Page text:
Tesla’s Shanghai gigafactory has been closed since January 29 due to China’s coronavirus outbreak, which has shut down many factories around the country.
We now have news that the factory will reopen on February 10 after the shutdown, and that the Shanghai government has offered “help” to companies to get production back up to speed after the shutdown (via Reuters).
The coronavirus has spread from Wuhan, China, to almost 35,000 people worldwide with over 700 deaths, though nearly 2,400 people have recovered from infection. It has been declared a global health emergency by the World Health Organization.
While world governments and health organizations have been trying to increase their understanding of the virus, the Chinese government has ordered quarantines and factory shutdowns in much of the country.
Tesla’s Shanghai gigafactory is affected by this shutdown. Tesla officially announced the delay of Model 3 deliveries in China on Wednesday. Previously the company had warned, during their Q4 results call, that the Shanghai factory ramp would be delayed by one to 1.5 weeks. CFO Zach Kirkhorn said this on the call:
At this point, we’re expecting a one- to 1.5-week delay in the ramp of Shanghai-built Model 3 due to a government required factory shutdown. This may slightly impact profitability for the quarter, but is limited as the profit contribution from Model 3 Shanghai remains in the early stages. We are also closely monitoring whether there will be interruptions in the supply chain for cars built in Fremont. So far we’re not aware of anything material, but it’s important to caveat that this is an evolving story. However, we have more than sufficient cash to continue our expansion plans, while further strengthening the balance sheet.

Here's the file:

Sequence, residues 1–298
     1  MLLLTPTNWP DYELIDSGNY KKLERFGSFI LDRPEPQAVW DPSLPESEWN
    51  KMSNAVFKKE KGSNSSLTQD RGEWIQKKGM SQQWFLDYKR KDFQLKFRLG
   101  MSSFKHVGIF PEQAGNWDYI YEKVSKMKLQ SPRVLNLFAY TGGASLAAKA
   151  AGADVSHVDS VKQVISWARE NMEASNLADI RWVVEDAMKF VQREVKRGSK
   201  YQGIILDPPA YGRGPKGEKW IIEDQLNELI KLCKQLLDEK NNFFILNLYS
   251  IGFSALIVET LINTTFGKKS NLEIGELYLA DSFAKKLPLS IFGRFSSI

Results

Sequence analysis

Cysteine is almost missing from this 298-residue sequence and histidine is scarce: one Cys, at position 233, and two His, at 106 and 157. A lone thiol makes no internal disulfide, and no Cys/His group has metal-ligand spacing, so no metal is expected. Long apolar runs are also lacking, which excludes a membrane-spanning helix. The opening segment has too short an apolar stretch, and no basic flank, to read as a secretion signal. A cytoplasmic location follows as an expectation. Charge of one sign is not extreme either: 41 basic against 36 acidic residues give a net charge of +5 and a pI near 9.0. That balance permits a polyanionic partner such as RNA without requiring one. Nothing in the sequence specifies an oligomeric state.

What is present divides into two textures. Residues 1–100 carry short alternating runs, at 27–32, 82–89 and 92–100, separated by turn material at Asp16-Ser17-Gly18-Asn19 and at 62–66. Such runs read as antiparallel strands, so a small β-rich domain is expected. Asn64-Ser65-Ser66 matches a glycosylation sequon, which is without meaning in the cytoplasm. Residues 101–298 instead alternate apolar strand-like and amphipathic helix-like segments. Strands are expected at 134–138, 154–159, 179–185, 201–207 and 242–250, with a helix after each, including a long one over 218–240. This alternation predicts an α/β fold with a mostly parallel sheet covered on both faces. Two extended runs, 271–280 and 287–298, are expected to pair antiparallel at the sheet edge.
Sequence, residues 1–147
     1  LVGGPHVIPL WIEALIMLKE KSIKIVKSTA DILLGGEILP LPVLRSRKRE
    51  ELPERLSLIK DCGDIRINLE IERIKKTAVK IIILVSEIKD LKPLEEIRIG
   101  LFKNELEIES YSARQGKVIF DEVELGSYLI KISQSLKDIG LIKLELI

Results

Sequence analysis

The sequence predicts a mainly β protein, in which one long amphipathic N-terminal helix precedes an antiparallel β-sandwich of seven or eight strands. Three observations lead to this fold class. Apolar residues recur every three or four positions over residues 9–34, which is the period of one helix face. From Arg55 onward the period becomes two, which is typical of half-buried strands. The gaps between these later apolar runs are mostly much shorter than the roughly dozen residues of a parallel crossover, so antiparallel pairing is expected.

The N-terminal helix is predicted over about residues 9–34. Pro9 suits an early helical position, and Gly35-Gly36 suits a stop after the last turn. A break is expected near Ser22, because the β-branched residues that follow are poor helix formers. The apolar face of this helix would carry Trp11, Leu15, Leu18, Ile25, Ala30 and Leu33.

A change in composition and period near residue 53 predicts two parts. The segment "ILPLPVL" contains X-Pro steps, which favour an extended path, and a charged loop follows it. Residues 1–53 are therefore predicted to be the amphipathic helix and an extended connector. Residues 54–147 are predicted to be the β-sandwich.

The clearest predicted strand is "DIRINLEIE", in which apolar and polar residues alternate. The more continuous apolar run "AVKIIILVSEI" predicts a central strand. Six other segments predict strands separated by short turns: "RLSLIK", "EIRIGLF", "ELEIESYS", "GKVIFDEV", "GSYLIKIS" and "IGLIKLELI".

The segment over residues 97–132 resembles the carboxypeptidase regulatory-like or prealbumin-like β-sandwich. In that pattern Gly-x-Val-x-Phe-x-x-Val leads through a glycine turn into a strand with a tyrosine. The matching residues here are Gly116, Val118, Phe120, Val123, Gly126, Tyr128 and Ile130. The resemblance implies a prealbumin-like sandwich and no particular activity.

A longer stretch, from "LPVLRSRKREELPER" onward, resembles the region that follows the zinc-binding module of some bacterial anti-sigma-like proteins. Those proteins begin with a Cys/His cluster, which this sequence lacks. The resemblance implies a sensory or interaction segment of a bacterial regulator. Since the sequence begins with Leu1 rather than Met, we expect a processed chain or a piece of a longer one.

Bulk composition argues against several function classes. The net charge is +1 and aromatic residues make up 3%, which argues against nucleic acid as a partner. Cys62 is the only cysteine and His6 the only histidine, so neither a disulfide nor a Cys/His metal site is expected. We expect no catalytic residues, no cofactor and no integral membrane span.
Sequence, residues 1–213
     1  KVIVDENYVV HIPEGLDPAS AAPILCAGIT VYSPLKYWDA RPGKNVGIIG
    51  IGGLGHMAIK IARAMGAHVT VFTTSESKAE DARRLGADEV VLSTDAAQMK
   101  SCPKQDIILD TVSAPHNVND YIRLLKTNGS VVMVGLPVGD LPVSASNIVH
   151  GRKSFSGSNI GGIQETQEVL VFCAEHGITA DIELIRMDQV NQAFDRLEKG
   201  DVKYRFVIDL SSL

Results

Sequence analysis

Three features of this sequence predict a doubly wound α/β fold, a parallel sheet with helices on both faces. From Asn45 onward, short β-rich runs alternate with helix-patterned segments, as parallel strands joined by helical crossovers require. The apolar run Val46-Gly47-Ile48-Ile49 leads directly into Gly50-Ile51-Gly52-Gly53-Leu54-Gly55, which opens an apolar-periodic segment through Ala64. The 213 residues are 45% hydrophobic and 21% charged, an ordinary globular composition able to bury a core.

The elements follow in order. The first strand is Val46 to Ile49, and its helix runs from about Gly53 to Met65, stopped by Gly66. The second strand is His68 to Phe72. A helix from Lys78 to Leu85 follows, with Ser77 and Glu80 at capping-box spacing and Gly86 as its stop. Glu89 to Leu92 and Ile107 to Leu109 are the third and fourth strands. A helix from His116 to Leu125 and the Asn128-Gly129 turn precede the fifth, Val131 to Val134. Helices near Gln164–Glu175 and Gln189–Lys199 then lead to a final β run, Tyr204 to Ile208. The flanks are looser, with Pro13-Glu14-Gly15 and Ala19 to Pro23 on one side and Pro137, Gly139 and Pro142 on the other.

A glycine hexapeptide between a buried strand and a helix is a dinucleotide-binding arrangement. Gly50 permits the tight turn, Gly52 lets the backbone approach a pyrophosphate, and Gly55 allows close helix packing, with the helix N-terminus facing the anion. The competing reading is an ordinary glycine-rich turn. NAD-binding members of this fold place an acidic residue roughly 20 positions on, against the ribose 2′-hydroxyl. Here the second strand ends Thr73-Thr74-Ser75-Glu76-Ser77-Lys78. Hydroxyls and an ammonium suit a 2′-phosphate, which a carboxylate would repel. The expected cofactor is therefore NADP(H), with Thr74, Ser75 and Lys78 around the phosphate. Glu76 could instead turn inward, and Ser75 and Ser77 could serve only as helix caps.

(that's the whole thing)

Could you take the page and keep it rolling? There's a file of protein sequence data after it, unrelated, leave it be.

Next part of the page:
The ramp was already going well. The factory only broke ground a little over a year ago, and Model 3 deliveries started last month. Tesla announced on the same Q4 call that Shanghai already has a yearly capacity of 150,000 cars. But this will push back progress a bit.
Now, the factory will be reopening just a couple days from now, on February 10. This is about in line with the “1.5 weeks” estimate given on the earnings call.
Other local supplier factories have been shut down as well, so things might be slow going at the start.
Shanghai’s government has offered assistance to factories trying to get back on their feet, in order to get production back up to speed as quickly as possible. This help would be in the form of loans with preferential rates and some exemptions from value-added tax for certain sectors. This aid will be available to foreign companies as well as Chinese ones.
Shanghai’s government spokesman Xu Wei said:
In view of the practical difficulties key manufacturing firms including Tesla have faced in resuming production, we will coordinate to make all efforts to help companies resume production as soon as possible
Tesla likely isn’t in desperate need to take advantage of these loans themselves, given that the company has a pretty good cash balance at the moment. But this could help Tesla’s suppliers, since complex manufacturing relies on many smaller firms delivering parts on strict timelines.
Tesla plans to catch up with deliveries as the outbreak subsides, but can’t estimate exactly how long those deliveries will be delayed.
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